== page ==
What are the common causes of code P3007?
Some common causes of code P3007 could include one or more of the following-
• Damaged, burnt, shorted, disconnected, or corroded wiring in the camshaft position sensor’s reference voltage or signal circuits
• Defective or malfunctioning camshaft position sensor
• The use of a substandard aftermarket camshaft position sensor
• An excessive air gap between the sensor and its reluctor (ring) caused by improper installation of the sensor
• Failure to secure the camshaft position sensor properly
• Failed or failing PCM, but note that this is an exceedingly rare event
What are the symptoms of code P3007?
Common symptoms of code P3007 could include some or all of the following-
- Stored trouble code and an illuminated warning light
- Depending on the nature of the problem, multiple additional trouble codes could be present along with P3007, with codes relating to crankshaft/camshaft correlation issues being common additional codes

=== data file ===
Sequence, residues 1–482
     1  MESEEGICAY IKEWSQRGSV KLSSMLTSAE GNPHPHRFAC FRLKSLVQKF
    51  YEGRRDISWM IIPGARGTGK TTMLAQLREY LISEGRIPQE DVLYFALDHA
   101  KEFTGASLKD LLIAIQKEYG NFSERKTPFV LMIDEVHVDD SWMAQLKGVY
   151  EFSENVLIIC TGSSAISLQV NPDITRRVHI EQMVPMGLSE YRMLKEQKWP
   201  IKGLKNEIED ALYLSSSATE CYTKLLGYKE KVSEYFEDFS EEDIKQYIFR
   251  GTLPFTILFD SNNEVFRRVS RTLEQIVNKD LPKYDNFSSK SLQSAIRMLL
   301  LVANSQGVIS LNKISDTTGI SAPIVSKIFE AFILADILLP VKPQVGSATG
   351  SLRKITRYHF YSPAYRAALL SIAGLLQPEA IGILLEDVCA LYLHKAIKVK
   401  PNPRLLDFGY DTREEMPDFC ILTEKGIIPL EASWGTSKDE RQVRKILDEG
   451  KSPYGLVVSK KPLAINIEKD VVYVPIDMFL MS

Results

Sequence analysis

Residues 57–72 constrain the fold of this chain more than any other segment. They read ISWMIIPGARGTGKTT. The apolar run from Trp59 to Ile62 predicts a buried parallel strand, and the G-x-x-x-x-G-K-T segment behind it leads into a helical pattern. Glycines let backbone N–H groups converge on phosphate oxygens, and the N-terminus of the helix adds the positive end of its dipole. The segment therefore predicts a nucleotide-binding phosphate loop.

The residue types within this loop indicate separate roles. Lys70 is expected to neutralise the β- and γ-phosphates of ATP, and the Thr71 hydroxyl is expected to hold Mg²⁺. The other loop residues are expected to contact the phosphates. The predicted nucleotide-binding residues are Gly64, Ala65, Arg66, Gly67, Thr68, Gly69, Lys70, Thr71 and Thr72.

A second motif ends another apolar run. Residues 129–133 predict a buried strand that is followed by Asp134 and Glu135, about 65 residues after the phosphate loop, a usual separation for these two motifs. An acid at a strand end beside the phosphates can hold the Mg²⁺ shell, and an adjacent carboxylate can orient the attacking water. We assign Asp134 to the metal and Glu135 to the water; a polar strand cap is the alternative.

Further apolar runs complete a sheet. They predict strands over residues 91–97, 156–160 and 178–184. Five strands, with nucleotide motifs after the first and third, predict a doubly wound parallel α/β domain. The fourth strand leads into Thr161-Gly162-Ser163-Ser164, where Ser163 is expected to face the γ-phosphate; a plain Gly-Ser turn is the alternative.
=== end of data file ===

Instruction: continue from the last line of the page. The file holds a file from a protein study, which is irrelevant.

- The engine may crank normally, but won’t start
- If the engine starts, it may run poorly
- The engine may not run at idling speed
- If the engine starts, it may exhibit severe misfires on all cylinders at all engine speeds
NOTE: Although common sense dictates that the engine will typically not start in the complete absence of input data from the camshaft position sensor, it could happen that an engine will start and even run normally when code P3007 is present. In such cases, which are relatively common on older engines, there is a more than even chance that code P3007 had set as the result of one or more closely related faults having occurred, such as an erratic or sporadically interrupted signal from the camshaft position sensor.